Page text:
Join Bryan O'Neil Hughes for an in-depth discussion in this video Making selective edits, part of Lightroom and Photoshop: Black and White (2013).
So far, we've focused on making global edits in Lightroom, and making…black and white images completely black and white, and just focusing on the whole…thing, and it is possible to do some selective editing in Lightroom.…I could take, say, the Brush tool here and I can choose a particular size of my…brush, and either paint a given area, and then adjust the parameters of that, or…paint multiple areas by Shift+clicking, and this is fine, but not only do I have…a lot of limitations as far as my control goes, but you'll see if I show the…masked area, it isn't really accurate. It's going beyond the eye, and I can tune…that up, but there's a lot of guesswork involved here.…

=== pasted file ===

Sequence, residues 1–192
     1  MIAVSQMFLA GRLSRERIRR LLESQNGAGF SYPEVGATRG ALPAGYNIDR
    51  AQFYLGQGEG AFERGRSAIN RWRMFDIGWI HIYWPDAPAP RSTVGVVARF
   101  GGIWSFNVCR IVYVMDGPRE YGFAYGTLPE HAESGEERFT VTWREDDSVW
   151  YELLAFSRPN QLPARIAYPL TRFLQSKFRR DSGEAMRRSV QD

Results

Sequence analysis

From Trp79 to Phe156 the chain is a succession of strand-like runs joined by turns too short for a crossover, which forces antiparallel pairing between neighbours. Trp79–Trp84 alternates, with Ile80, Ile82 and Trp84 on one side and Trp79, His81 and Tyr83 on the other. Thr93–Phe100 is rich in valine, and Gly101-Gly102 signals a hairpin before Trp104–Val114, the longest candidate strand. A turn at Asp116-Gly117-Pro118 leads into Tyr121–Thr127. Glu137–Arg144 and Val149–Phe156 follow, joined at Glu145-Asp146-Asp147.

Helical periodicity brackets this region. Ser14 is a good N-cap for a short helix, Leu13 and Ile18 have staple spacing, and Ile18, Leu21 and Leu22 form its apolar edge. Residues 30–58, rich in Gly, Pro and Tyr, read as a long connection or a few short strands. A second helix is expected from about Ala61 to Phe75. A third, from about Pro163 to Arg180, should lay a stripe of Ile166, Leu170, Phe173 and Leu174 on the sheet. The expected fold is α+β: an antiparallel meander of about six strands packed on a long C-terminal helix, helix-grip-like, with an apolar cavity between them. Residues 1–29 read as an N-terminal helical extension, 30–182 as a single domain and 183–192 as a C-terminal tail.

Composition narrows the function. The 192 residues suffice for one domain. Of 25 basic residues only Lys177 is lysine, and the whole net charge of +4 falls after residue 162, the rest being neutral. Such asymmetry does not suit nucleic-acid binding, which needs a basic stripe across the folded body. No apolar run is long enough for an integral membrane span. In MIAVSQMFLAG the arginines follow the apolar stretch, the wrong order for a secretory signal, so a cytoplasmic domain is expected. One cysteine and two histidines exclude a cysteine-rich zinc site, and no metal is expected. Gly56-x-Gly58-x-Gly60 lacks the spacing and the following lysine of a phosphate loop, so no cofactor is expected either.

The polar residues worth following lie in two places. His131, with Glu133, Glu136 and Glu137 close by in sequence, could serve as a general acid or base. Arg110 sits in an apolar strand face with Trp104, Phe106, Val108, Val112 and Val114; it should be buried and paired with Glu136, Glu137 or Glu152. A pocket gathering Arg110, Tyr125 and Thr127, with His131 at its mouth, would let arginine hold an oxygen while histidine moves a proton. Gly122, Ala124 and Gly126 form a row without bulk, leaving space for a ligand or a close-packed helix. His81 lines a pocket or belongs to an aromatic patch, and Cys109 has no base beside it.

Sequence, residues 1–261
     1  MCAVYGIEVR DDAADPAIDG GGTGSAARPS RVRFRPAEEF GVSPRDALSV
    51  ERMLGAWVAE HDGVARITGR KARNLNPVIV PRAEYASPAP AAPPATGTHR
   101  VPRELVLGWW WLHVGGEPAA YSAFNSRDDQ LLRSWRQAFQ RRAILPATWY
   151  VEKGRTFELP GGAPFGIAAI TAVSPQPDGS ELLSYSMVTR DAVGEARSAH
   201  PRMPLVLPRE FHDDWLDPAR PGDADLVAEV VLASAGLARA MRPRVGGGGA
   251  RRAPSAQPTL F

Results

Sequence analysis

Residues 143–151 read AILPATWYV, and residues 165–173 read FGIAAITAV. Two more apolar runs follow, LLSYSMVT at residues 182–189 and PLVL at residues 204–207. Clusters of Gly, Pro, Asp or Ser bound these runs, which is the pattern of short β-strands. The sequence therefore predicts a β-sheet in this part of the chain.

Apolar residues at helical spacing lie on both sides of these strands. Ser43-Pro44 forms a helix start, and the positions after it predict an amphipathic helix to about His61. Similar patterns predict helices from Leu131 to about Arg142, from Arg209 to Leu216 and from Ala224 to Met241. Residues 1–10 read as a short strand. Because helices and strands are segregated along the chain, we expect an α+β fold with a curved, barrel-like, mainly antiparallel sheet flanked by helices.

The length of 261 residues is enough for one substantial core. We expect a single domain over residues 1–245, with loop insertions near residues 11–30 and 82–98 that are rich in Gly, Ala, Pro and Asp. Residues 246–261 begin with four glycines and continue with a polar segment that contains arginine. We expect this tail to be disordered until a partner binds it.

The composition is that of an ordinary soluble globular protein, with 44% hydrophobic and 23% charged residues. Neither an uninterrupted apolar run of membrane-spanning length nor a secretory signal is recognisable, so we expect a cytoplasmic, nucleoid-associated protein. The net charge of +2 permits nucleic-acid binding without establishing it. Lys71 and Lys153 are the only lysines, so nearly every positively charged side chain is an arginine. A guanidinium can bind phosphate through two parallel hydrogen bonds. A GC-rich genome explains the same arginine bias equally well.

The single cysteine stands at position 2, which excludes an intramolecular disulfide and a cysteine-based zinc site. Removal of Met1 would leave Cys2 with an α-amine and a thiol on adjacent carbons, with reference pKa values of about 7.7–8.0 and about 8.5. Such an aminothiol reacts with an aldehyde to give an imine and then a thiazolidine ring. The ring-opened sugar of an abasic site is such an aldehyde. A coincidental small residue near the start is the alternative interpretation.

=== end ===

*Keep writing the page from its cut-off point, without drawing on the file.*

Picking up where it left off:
So, Lightroom has a tremendous number of strengths, but selective editing is…really not one of them, it's much better for global edits.…So, this is a good time to move over to Photoshop, because that's an area that it really shines.…Now, before we do that let's convert this back to color, which is really easy to…move between states in Lightroom, because the history lives with the file.…
- Why black and white?
- Shooting with black and white in mind
- Setting up Lightroom and creating image versions
- Utilizing presets effectively
- Creating black-and-white HDR images with Lightroom and Photoshop
- Taking advantage of black-and-white adjustment layers
- Adjusting the toning of images
- Working with the Silver Efex plugin